GAME OF THRONES Season 7, Ep. 5 Recap: “Eastwatch”

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Based on where we left of last week and the title of this week, and the distance between the two, it was pretty clear how Game of Thrones would open and close it’s fifth episode on Sunday night.

We knew that characters would have to deal with the aftermath of “The Battle of the Loot Train” (dumb name, I know, but it is now show!canon thanks to Weiss & Benioff). We also knew that the titular Eastwatch would play a role in the episode.

As a reminder, the last time we heard news of Eastwatch, the aptly named eastern-most castle along the Wall, was during the first episode when Jon sent Tormund and his Wildlings there to defend the castle. It was also mentioned by a group of characters that have not been seen since this season’s premier. Remember, Beric and Thoros of Myr had Sandor Clegane look into the flames where The Hound saw the Army of the Dead marching on Eastwatch, which, as I mentioned, made it the likely Ground Zero for the War of the Living.

Yet, there was a great deal of ground to be covered in order to bridge the divide between the War for the Throne happening in the South and the imminent War for the Living in the North. So, let’s go through all that happened in Sunday’s jam-packed episode.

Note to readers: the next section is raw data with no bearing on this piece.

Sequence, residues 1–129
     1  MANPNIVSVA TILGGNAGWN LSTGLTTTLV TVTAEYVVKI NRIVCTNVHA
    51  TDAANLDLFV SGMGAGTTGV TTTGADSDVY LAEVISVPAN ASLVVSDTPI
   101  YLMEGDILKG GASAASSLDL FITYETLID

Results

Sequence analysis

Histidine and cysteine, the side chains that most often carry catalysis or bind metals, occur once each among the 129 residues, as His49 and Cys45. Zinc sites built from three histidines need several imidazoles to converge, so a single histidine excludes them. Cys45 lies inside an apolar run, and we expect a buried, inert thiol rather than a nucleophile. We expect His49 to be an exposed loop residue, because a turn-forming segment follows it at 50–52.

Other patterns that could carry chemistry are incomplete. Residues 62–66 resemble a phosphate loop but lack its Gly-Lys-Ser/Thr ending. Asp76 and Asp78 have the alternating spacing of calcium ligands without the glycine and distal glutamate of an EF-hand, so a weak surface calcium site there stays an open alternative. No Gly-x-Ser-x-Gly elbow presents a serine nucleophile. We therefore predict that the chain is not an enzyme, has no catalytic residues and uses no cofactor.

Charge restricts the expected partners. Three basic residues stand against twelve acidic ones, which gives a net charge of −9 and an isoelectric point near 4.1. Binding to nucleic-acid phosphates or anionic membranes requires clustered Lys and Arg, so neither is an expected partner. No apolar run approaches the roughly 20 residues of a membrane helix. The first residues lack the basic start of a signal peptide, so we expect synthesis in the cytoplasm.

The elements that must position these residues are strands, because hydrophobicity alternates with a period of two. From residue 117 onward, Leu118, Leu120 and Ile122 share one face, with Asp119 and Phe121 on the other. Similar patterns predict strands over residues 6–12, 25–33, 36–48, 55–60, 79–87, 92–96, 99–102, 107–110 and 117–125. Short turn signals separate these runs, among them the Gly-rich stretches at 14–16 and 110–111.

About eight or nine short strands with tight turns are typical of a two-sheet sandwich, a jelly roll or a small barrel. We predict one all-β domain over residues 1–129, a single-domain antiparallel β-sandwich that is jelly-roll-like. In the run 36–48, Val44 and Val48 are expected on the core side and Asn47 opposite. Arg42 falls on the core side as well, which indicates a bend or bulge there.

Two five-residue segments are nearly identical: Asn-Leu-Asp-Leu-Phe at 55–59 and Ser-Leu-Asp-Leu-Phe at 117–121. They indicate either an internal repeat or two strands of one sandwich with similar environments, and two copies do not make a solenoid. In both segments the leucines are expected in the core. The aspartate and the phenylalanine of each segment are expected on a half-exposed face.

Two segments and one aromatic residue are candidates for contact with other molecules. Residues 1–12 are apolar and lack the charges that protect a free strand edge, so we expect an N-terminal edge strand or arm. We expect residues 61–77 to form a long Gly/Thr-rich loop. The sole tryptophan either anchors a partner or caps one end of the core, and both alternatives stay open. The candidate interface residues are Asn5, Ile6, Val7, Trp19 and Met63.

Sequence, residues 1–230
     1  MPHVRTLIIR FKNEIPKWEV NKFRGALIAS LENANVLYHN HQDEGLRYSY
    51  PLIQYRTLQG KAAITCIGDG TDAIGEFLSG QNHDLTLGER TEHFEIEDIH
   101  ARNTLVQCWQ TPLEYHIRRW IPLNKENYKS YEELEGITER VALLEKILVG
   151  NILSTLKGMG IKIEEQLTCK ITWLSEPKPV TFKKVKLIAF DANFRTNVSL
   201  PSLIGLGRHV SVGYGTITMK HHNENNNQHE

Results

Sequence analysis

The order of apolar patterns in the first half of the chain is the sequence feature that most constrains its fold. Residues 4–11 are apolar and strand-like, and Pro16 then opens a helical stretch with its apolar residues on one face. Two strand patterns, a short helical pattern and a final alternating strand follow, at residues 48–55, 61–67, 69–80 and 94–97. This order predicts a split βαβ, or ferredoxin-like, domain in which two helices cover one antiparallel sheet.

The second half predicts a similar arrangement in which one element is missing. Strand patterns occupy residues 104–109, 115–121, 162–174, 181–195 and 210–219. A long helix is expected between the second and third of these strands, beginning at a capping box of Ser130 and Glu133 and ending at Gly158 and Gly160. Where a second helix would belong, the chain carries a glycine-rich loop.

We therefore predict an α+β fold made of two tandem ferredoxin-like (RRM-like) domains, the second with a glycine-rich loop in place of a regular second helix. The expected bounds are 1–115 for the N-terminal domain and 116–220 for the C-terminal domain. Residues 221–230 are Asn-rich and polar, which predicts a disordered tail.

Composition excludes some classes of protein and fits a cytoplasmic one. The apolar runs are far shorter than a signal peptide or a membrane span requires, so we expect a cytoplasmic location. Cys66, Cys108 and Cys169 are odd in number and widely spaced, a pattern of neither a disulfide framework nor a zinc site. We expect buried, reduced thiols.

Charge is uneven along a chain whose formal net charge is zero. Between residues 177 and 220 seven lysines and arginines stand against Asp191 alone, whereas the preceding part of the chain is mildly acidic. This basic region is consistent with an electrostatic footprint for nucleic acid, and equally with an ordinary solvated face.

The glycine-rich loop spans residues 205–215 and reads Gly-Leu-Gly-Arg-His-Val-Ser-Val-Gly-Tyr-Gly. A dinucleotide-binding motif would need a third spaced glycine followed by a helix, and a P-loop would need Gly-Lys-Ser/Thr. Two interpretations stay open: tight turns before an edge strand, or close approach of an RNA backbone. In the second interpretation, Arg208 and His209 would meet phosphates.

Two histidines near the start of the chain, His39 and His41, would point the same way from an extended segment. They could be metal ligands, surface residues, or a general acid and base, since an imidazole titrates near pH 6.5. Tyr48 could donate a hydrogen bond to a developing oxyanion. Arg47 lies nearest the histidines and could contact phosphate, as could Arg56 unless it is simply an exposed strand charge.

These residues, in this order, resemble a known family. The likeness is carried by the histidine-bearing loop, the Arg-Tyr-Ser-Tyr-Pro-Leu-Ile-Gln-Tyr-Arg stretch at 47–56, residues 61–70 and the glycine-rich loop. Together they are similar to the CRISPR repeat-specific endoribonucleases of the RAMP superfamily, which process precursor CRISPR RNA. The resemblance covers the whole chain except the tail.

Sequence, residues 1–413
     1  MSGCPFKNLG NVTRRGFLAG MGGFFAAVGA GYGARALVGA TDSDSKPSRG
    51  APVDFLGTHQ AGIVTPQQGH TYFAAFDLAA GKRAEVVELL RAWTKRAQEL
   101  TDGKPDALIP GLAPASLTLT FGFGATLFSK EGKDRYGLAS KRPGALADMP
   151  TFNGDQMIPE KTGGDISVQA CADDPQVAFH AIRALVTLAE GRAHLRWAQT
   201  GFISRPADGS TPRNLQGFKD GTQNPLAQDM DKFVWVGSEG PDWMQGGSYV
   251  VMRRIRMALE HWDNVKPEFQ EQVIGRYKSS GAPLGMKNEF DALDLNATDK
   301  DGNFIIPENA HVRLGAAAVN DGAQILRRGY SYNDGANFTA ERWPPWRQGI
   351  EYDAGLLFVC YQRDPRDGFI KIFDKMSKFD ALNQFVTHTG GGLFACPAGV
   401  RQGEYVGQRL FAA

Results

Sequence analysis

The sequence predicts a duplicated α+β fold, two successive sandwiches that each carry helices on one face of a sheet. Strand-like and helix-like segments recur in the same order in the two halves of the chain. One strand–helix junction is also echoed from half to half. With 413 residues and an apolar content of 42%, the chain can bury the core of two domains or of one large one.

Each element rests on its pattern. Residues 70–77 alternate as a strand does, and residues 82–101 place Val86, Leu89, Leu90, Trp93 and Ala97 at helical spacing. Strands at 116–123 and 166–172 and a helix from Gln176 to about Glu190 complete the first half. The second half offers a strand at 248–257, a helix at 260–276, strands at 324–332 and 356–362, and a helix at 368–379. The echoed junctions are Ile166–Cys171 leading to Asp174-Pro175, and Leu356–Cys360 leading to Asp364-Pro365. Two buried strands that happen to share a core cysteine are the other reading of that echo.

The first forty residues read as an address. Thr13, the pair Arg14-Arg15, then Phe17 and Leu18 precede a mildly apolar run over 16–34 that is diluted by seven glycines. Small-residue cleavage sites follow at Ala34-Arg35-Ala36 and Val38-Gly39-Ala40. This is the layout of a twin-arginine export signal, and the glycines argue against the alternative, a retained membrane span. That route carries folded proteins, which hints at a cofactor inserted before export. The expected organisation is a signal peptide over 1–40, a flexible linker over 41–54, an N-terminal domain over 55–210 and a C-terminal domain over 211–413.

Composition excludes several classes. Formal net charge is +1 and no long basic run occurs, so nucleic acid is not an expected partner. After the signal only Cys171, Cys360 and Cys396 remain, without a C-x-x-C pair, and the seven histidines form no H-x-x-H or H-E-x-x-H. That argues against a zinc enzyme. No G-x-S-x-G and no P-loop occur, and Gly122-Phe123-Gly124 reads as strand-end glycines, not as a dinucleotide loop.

Somewhere Near the Blackwater Rush

The show did not keep viewers worried about Jamie Lannister’s livelihood in suspense, as the show opened with Bronn conveniently pulling Jaime across the River from Daenerys and her forces. In addition to being great with a sword, Bronn must also have been his era’s Michael Phelps, since he had the ability to retrieve Jaime from the depths of one of the deepest rivers in Westeros, that also happens to be known for its powerful current. It seems based on what happened later in the show that Jaime and Bronn could have just been captured and eventually sent back to King’s Landing with the terms of Dany’s armistice. But I digress.

After Bronn and Jaime discuss the fact that no army has any chance to stand against Daenerys’ dragons, Jaime resolves to rush back to King’s Landing to warn Cersei of certain defeat. Bronn also lets Jaime know that his service to House Lannister ends when it comes to fighting dragons.

Across the Blackwater Rush, Daenerys offers the surviving Lannister and Tarly forces a choice: bend the knee or be executed. While many of the men immediately choose to enter into service for the Mother of Dragons, Randyll and Dickon Tarly refuse. Although Tyrion attempts to intercede with his Queen to spare their lives, Dany refuses and has Drogon burn the two Tarly men alive.

It is impossible to overstate the parallels here between Dany and her father, the Mad King. The initial bloodshed that led to Robert’s Rebellion was when Aerys II ruthlessly killed both Rickard and Brandon Stark, Ned’s father and older brother, in the Red Keep. While Dany did offer the Tarly men a choice, it must be concerning for Tyrion as he watches this with the knowledge of the Mad King’s history of burning all those who oppose him alive. One thing the show has done incredibly well this season is point to parallels between both living Queens, Dany and Cersei, and Aerys II. It will be interesting to see if either meet a similar end as Aerys (sup, Jaime?) or if either, or both, descend into total madness.